How to Stop Smoking
It is estimated that 90% of smokers relapse after quitting. This is because deciding to stop smoking can be difficult, and quitting permanently can be even more challenging. Depending on the chosen method, the success rate of people who have managed to stop smoking permanently is very low. This can be discouraging for people who have recently decided to quit. Before you start the process of quitting smoking, you should be aware that there are many different support networks and programs available to help. One example is the NHS, which has a dedicated free helpline available for those trying to stop smoking permanently.
There are a number of methods that are available to help an individual successfully quit smoking. For some people, choosing which method to take can be trial and error. Consequently many smokers may choose to use a variety of the methods until they find a solution that is best suited to their needs and lifestyle.
Dr Hilary Jones discusses effective ways to stop smoking
Below you can find a chart of the various different methods and their success rates. Simply click on the method for a more detailed summary of what is involved.
Smoking Comparison Chart
The phrase 'going cold turkey' describes the process of suddenly and completely giving up, without gradually easing off by reducing the number of cigarettes smoked per day. It is a very popular choice for people who want to stop smoking, perhaps because it is completely free and can be done at any time, without involving purchasing replacement therapies or medications. However, it has a very low success rate, with just 10% of people quitting permanently.
NRT is a popular option for people who do not feel confident that they will be able to stop smoking permanently by going cold turkey. NRT can come in the form of patches, chewing gum, inhalers, tablets and sprays. Most forms of NRT are available over the counter, but you also get them on prescription. Nicotine replacement therapy works by reducing the symptoms of nicotine withdrawal, which are the biggest obstacle to stopping smoking effectively. The success rate for people using NRT to help them stop smoking is 17%. However, when you use nicotine replacement therapy to quit, you are still supplying your body with nicotine.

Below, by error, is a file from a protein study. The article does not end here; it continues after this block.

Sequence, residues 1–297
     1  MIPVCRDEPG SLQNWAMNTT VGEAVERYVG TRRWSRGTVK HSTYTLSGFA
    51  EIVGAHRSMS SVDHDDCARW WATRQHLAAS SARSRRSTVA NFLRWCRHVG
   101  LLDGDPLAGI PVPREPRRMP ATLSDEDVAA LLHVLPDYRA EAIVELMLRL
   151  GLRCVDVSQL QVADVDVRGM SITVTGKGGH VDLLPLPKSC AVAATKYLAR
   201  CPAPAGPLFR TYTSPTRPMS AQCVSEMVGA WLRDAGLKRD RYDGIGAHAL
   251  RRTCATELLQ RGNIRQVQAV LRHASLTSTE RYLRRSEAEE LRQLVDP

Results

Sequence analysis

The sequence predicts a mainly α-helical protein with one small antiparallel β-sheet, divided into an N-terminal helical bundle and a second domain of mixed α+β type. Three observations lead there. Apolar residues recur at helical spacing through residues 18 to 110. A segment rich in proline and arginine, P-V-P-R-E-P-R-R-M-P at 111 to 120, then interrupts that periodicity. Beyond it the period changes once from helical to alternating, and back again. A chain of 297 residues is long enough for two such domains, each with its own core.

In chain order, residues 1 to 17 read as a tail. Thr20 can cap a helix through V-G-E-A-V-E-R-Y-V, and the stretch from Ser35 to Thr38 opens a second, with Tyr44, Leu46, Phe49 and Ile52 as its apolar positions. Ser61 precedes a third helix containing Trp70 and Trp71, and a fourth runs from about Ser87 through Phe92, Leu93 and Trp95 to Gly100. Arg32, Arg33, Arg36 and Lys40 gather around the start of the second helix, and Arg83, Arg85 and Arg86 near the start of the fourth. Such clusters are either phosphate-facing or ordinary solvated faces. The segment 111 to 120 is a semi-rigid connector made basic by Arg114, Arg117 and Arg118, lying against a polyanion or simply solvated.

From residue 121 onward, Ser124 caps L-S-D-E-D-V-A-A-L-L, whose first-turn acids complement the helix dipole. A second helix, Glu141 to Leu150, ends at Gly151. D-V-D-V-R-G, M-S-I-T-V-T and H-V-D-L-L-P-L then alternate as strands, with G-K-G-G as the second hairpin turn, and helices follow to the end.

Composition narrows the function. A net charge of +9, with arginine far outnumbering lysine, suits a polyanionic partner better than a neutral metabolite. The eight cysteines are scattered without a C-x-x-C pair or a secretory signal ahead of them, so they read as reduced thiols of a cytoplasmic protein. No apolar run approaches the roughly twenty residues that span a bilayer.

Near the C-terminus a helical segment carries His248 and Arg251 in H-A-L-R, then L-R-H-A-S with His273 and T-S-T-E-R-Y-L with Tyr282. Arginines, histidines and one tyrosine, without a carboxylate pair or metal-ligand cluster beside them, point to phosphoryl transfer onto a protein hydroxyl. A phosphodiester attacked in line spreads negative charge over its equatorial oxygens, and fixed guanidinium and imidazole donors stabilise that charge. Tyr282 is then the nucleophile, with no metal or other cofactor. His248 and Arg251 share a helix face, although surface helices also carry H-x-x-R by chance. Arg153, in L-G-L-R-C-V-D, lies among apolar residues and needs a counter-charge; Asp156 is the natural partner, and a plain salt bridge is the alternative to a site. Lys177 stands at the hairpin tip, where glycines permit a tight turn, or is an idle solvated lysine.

Therefore, although you are no longer digesting harmful smoke into your body, you are still supplying your body with a nicotine fix and subsequently will still crave nicotine once your NRT treatment finishes.
There are two medications currently available on prescription to help you to stop smoking. They are Zyban and Champix. They work by lessening your desire to smoke and reducing the withdrawal symptoms brought on by the drop in your nicotine intake. Champix also reduces the pleasurable effect of smoking, which will stop cigarettes seeming desirable by using the active ingredient varenicline. You are four times more likely to quit permanently using prescription treatment such as Champix, compared to attempting to go cold turkey.
More unconventional approaches to smoking cessation are techniques like acupuncture and hypnosis. Such methods are unlikely to lead to side effects, which may make them seem desirable. Hypnosis works by getting you into a deeply relaxed state where you are open to suggestions that strengthen your resolve to quit smoking and increase your negative feelings toward cigarettes. Acupuncture is believed to work by triggering the release of endorphins (natural pain relievers) that allow the body to relax as well as managing smoking withdrawal symptoms.